- Use a propagator for growing, even if they are frost seedlings that need to be outdoors over the winter. The greenhouse has the advantage that the humidity is kept better and the risk that the sensitive seedlings dry out is reduced.
Until the seeds have germinated, it is important that you keep the soil constantly moist. In addition, you should regularly ventilate the propagator so that mold does not form.
In order for the plants to develop well, it is important to transplant them after successful germination. For deciduous trees, this happens as soon as the first true pair of leaves has formed. For deciduous trees, the bonsai should be at least finger length. When transplanting, you can already do root treatment. You can shorten very long roots and remove dried up or muddy root parts. Always make sure that enough fine hairy roots remain on the young trees.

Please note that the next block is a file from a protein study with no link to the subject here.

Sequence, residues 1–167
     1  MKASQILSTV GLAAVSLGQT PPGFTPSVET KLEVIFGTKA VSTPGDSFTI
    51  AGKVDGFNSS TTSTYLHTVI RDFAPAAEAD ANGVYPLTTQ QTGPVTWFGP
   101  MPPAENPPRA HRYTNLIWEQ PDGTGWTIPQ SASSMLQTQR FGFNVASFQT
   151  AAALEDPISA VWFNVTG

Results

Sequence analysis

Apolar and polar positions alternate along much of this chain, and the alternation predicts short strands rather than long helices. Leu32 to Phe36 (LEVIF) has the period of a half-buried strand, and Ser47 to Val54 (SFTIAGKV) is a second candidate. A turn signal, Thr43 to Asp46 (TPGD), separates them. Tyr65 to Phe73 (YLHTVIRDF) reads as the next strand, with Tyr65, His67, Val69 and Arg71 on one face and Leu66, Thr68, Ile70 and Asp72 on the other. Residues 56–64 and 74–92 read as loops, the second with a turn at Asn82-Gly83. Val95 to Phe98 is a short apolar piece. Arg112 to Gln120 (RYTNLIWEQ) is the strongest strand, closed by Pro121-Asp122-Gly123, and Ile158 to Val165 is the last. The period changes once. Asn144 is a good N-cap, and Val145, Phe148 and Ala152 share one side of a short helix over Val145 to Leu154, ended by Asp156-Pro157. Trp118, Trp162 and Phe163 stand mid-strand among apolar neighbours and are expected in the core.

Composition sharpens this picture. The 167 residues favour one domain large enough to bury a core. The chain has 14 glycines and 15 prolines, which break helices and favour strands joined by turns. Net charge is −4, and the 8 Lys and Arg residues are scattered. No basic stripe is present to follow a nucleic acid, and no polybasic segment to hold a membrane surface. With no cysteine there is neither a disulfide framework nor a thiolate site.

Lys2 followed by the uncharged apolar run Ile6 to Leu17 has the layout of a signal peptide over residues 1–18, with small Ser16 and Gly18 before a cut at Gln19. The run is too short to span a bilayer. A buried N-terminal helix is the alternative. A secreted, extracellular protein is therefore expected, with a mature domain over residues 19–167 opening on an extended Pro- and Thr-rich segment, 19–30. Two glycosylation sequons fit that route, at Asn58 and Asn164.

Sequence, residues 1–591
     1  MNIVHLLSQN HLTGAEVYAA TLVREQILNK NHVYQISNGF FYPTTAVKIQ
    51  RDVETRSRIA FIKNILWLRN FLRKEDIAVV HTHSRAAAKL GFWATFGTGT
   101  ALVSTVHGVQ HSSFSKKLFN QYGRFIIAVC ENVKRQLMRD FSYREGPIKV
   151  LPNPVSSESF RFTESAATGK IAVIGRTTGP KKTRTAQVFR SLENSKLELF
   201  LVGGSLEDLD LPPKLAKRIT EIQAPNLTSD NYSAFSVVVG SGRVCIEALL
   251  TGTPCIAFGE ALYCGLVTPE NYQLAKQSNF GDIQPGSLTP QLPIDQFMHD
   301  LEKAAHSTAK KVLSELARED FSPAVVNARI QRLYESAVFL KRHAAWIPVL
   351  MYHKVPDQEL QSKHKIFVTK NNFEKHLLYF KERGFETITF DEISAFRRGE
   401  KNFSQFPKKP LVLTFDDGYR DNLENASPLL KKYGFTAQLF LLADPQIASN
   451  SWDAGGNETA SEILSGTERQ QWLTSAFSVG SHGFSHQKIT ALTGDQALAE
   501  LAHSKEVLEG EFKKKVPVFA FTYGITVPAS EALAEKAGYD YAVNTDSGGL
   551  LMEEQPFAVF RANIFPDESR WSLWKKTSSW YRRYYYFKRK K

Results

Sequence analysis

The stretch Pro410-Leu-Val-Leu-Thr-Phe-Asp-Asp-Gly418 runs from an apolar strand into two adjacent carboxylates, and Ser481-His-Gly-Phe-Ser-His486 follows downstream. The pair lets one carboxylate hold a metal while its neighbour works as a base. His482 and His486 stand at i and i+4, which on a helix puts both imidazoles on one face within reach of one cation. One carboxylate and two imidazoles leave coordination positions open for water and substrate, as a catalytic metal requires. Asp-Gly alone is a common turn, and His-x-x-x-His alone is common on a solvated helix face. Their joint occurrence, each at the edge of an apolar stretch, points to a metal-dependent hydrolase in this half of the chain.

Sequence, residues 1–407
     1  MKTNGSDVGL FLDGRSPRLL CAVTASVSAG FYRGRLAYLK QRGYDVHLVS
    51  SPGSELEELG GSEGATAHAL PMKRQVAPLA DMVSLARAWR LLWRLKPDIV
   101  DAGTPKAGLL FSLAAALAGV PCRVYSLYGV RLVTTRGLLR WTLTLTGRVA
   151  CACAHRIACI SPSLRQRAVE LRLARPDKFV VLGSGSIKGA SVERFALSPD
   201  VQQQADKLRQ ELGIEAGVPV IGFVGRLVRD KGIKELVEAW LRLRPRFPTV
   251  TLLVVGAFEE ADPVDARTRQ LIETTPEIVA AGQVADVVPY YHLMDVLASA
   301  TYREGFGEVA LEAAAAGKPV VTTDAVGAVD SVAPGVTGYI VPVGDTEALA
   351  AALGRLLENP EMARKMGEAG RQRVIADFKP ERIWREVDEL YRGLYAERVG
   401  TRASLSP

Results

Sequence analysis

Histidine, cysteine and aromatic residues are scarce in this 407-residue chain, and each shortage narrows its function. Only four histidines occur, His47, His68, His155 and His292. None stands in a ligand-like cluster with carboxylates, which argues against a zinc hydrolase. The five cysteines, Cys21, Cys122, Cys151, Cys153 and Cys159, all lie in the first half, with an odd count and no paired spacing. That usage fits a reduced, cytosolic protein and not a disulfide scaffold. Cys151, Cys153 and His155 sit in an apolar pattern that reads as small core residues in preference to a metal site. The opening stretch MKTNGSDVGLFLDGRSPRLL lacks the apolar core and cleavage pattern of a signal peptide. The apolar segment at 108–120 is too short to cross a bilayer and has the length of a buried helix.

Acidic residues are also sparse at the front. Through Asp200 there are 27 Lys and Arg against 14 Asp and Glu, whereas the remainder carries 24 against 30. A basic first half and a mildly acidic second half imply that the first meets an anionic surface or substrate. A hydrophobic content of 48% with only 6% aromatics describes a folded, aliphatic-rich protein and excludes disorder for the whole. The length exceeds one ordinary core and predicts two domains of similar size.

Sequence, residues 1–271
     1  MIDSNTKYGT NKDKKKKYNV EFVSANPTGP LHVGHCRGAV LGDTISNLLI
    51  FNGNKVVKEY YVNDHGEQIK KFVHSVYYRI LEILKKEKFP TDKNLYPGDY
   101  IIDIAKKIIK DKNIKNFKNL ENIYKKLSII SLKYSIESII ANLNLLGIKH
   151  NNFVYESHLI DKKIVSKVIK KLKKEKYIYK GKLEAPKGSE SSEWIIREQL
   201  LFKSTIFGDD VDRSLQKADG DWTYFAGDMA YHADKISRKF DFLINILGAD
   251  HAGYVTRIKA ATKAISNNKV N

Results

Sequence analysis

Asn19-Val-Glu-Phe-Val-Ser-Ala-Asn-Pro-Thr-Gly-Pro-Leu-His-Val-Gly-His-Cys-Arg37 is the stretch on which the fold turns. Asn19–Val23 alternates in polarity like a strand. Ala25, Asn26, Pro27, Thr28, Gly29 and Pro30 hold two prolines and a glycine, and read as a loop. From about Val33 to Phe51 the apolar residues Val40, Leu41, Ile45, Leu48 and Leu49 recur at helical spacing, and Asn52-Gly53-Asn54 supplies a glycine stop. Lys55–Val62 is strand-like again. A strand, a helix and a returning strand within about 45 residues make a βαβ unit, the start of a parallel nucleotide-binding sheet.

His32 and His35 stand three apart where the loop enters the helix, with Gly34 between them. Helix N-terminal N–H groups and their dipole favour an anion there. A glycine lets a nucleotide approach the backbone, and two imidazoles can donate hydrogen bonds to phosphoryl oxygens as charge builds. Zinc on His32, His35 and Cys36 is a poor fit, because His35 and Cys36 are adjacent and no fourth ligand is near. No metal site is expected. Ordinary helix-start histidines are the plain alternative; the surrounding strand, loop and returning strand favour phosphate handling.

- Fill bonsai tray with substrate.
- Carefully lift young trees out of the soil with a pricking stick or a fork
- Press trough into the substrate at root length
- Plant the young tree
- Carefully press down the substrate
- Water the soil
For the first week or two, until the bonsai has rooted, the substrate must be constantly moist. You can additionally put a transparent freezer bag over the pot and tighten it with a rubber band, which will help reduce evaporation. Air the bag regularly to prevent mold growth here, as in cultivation.
After about two weeks, the young trees should be rooted in the pot. Then you can remove the bag again. Choose a light location for the young trees so that after transplanting the growth remains compact.
Frequently asked questions
Can bonsai trees be grown from cuttings?
Yes, for some species it is even easier to propagate them by cuttings. These include cypress plants, for example.
When is the first pruning possible after growing?
The first pruning of a young bonsai should be done after three years at the earliest. Slow-growing species are cut for the first time only after four to five years.